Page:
There was a difference of opinion at the European level on Tuesday over whether members of the eurozone are prepared to allow Greece to default, a possibility that Athens still rejects, following talks between finance ministers.
A lengthy meeting of ministers on Monday failed to conclude on a common position to tackle Greece?s debt crisis but there appeared to be an acceptance that the private sector would have to be involved. Among the ideas that were discussed were longer debt maturities for Greece, lower rates and the possibility of Greek bonds being bought back, possibly through the European Financial Stability Facility (EFSF).
Dutch Finance Minister Jan Kees de Jager said on Tuesday that the direction of Monday?s talks means that a ?selective default? for Greece is no longer off the table. ?We have managed to break the knot of a contradictory statement saying that you want substantial private sector involvement and, on the other hand, you want to avoid a selective default,? de Jager said.
However, this interpretation was rejected by some of the other ministers as well as Greece?s Evangelos Venizelos, who said that it was not yet clear how the private sector would be involved in helping Greece overcome its debt problems.
?European Central Bank President Jean-Claude Trichet told me that there are 36 different scenarios being examined with regard to private sector involvement,? Venizelos told journalists in Athens on Tuesday. ?Selective default is not a real event, it is an assessment. We must not convert a perception into reality, into a self-fulfilling prophecy.?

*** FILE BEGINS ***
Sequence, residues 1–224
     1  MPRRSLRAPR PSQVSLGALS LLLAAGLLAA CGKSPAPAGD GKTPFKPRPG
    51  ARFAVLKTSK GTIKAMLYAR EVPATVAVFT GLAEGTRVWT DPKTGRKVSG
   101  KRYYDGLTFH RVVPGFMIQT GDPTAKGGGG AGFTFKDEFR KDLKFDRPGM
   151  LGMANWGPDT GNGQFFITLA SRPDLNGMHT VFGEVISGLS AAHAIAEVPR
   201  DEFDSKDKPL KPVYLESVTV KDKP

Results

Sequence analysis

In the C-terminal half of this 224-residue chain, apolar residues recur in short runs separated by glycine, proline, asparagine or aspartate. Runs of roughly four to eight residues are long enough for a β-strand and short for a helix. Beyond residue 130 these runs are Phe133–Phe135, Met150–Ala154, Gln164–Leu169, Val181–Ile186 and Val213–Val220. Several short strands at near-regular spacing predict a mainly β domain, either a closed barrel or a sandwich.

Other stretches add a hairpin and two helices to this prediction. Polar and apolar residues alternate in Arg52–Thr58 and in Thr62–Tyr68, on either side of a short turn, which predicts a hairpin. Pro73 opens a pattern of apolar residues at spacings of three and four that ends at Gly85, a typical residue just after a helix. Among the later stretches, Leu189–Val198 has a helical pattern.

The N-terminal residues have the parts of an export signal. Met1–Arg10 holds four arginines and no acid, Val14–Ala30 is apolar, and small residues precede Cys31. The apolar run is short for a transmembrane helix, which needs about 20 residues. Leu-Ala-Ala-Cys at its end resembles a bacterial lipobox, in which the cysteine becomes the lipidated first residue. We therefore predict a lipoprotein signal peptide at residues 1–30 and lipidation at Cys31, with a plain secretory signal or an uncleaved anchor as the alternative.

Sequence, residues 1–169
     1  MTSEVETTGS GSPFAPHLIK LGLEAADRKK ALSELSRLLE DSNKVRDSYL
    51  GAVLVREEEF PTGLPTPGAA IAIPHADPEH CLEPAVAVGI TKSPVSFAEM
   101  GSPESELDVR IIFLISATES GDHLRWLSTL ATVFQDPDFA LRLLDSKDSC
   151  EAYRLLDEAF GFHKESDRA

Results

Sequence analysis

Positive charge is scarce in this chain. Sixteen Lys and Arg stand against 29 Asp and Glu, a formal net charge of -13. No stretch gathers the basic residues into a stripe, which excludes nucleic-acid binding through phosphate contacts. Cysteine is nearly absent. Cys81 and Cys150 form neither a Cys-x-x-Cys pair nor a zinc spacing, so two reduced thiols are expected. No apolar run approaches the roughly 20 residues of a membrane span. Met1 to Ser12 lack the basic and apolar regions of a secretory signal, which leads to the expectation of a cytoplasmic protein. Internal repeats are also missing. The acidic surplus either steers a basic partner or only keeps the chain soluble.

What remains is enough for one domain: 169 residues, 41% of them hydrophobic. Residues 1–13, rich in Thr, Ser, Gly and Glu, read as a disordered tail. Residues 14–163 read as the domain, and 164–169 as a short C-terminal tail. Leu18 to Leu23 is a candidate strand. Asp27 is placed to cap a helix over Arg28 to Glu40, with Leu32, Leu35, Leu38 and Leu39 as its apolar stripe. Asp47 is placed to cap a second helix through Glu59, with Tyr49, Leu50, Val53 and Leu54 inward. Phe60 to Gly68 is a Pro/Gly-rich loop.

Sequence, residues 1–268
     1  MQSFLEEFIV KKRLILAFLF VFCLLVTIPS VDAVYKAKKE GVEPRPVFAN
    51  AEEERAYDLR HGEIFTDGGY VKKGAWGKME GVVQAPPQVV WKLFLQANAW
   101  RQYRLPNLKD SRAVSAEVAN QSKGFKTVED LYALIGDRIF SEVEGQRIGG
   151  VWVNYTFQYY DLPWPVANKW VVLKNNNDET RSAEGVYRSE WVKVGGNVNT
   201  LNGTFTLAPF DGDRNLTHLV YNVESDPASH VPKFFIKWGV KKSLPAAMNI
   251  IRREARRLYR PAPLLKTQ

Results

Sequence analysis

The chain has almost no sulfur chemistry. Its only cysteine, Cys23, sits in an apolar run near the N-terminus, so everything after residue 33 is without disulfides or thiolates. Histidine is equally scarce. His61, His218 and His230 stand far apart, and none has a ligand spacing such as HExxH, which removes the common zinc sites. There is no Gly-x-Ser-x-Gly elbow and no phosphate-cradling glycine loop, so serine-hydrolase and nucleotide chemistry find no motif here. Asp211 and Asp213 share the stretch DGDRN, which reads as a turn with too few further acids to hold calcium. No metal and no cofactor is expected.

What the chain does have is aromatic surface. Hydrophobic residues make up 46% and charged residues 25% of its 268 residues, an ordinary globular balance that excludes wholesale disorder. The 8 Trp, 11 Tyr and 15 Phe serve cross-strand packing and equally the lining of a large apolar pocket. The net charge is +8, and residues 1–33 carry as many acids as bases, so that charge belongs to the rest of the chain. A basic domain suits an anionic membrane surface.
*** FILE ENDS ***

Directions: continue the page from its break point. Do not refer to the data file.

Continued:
In the meantime, Athens will push for the EU and the International Monetary Fund to arrive at a decision about a second bailout. Government sources said Greece would need to receive its next loan installment by September 14.
IMF Managing Director Christine Lagarde expressed support for a more comprehensive solution to Greece?s debt problems. ?We welcome the [Eurogroup] ministers? recognition of the need for a broader, more forward-looking response to assist Greece in its efforts to restore growth and competitiveness and to bolster debt sustainability,? she said. ?The IMF will continue to work closely with Greece and European partners to support these objectives.?
Papandreou will have the opportunity to press his EU counterparts at an emergency summit on Friday. He will follow this up with trips to visit German Chancellor Angela Merkel and French President Nicolas Sarkozy. Papandreou wrote to the head of the Eurogroup, Jean-Claude Juncker, to call for a more comprehensive solution to Greece?s debt problems but also the ?contagion of doubt? threatening the euro. ?There is no room for indecision and mistakes… such as allowing cacophony to substitute for a common agenda and create more panic than security,? he wrote.